Liegnitz


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Liegnitz

(ˈliːɡnɪts)
n
(Placename) the German name for Legnica
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Born in 1928 in the former town of Liegnitz in then-German Silesia -- today Legnica in southwest Poland -- Moses moved to Munich in the 1950s where he began his career creating photo series for Stern magazine.
AFTER the Battle of Liegnitz, fought between the Mongol Empire and a combined European force in Poland in 1241, the Mongols cut off the right ear of each fallen European to count the dead, amounting to a grisly nine sacks of severed ears.
53 Similarly, he proposed a solution for the controversy over free will that had broken out between Luther and Erasmus in 1524 and 1525 by publishing two treatises on that matter in 1527--Von der Freiheit des Miens (On the Freedom of the Will), with a preface for Georg von Brandenburg, and Das ander Biichlein von der Freiwilligkeit des Menschen (The Second Book on the Free Will of Humans), with a preface for Friedrich II von Liegnitz.
A good example can be found in an essay written by Gerhard Kluge on the history of the pilgrimage site of Wahlstatt near Liegnitz (Lignica) in Lower Silesia.
Another case where an explanation is absent where one might be expected is in regard to the decision of the expeditionary force that defeated the Polish forces and Teutonic knights at Liegnitz in April 1241 to forgo further conquests in the region, contenting itself with plundering on the way to rejoin the main Mongol army at Mohi.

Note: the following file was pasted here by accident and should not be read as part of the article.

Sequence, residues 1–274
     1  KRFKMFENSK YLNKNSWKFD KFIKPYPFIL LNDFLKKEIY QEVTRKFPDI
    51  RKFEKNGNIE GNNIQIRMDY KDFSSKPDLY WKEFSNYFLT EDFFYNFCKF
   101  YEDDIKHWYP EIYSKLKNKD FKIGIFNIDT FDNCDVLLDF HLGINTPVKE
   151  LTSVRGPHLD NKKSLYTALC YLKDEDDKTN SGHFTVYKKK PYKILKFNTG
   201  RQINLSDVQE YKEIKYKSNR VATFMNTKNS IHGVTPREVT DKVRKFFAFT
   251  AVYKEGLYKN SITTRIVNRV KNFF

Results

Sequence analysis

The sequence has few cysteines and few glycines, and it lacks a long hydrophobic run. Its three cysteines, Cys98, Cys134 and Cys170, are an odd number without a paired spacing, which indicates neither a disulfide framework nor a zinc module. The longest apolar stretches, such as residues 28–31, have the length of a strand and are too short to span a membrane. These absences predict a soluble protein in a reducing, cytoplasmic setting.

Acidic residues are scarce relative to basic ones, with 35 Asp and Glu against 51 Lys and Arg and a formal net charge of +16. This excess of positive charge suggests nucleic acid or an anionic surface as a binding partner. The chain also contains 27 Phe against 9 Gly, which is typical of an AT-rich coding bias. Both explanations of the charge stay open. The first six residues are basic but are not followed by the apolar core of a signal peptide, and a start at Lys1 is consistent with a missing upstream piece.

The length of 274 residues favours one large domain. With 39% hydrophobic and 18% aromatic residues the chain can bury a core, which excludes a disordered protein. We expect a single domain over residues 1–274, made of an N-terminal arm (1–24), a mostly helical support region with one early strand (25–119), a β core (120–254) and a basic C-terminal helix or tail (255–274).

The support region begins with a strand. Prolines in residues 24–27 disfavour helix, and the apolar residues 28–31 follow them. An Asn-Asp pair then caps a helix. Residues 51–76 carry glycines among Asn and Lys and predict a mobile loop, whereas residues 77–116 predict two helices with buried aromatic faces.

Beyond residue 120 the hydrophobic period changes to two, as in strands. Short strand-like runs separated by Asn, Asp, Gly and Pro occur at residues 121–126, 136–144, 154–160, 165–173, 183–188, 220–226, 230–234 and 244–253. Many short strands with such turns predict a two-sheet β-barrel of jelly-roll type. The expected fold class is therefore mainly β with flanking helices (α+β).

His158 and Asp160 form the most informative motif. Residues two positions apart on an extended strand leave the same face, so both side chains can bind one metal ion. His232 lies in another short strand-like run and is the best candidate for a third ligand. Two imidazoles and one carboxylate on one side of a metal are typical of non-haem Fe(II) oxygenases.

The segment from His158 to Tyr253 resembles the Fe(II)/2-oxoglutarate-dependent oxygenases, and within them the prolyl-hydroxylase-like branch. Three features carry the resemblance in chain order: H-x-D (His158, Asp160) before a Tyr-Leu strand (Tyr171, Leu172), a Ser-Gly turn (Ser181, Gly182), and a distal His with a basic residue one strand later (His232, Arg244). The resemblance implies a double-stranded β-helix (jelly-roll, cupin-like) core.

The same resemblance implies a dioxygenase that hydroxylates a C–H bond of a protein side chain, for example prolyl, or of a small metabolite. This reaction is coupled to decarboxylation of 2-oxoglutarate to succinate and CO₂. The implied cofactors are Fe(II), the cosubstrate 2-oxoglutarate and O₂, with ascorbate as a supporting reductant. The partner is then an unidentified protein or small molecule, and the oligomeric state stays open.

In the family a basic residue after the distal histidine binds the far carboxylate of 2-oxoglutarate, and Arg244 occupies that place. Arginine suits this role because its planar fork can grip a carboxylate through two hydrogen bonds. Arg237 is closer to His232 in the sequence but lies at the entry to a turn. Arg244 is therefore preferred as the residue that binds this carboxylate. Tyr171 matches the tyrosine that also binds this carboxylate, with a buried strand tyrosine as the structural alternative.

Taught at Zlotoryja (Goldberg) 1523-25, Liegnitz 1525-29, and Zlotoryja again from 1531 until death.
But Liegnitz would eventually cede pride of place to the neighboring metropolis of Breslau as Lower and Middle Silesia (Regierungsbezirk Breslau) merged into one larger province, still called Lower Silesia, after the First World War.
In some places, of course, the NSDAP mobilised Catholic voters on a significant scale, as happened in Breslau and Liegnitz (towns in Silesia where conflicts between Germans and Poles coloured political identity), in the Catholic rural areas of the Palatinate, and among some Catholics in the Black Forest; but these cases were atypical.
Logau spent his life in service to the petty courts of Brieg and Liegnitz.